In 1979, Avram Goldstein, a professor at the School of Medicine, started to build the foundations of addiction science. He worked for decades to understand how narcotic drugs work in the brain, and he ultimately discovered one of the brain’s own endorphins.
A longtime chair of the pharmacology department, Goldstein was ahead of his time in the way he thought about drugs, the brain and society. In his 1993 book, Addiction: from Biology to Drug Policy, he wrote that drugs were a public health problem, not a law-and-order issue, and he reminded readers that even substances that were considered innocuous, like caffeine and nicotine, were also addictive. “Our society makes artificial distinctions among addictive drugs,” he wrote. “We foster the false impression that because nicotine and alcohol are legal, they must be less dangerous and less addictive than the illicit drugs.”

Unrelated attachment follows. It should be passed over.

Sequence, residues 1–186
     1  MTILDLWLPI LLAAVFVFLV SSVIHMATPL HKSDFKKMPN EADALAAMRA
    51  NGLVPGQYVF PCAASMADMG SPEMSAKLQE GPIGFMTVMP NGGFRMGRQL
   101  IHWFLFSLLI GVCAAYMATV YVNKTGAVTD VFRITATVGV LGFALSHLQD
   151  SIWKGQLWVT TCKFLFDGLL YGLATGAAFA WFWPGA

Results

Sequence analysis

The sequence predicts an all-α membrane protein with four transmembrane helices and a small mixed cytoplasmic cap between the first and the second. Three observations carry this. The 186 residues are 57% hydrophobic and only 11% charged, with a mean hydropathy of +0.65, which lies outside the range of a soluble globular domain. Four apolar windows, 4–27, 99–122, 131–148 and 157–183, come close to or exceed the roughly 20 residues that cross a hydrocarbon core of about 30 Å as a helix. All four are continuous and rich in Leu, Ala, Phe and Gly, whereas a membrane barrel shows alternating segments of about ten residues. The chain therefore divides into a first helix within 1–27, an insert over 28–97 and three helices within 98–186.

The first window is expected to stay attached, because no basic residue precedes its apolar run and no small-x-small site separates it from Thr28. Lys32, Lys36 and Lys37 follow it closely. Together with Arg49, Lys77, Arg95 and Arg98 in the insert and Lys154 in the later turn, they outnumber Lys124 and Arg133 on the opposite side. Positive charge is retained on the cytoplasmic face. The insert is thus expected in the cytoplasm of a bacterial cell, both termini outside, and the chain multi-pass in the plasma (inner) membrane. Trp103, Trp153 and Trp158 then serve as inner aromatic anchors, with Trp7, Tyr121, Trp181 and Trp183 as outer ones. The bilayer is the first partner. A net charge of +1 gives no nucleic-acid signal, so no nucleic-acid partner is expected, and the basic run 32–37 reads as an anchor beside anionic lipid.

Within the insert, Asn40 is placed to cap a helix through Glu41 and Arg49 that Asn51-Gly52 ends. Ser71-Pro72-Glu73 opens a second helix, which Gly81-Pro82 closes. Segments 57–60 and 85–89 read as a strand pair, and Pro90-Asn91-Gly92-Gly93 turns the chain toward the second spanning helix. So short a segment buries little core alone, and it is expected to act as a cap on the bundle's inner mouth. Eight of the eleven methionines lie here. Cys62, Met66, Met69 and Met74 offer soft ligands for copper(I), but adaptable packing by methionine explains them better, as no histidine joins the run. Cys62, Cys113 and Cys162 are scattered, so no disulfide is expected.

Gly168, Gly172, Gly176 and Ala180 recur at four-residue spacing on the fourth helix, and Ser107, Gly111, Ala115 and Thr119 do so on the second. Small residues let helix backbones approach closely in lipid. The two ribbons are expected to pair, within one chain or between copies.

Taking his work beyond the laboratory, Goldstein organized the first major methadone program in California. He supervised the treatment of more than a thousand heroin addicts in San Jose, carefully doing controlled experiments to uncover the best doses of methadone for people who wanted to get off heroin. He also helped develop urine tests that identified returning Vietnam veterans who were addicted to heroin so they could receive treatment before being discharged. Goldstein died in 2012, but his influence continues through the faculty he recruited, the curriculum he shaped, and the discoveries he made about drugs and the brain.
Katharine Gammon is a science writer based in Santa Monica, Calif.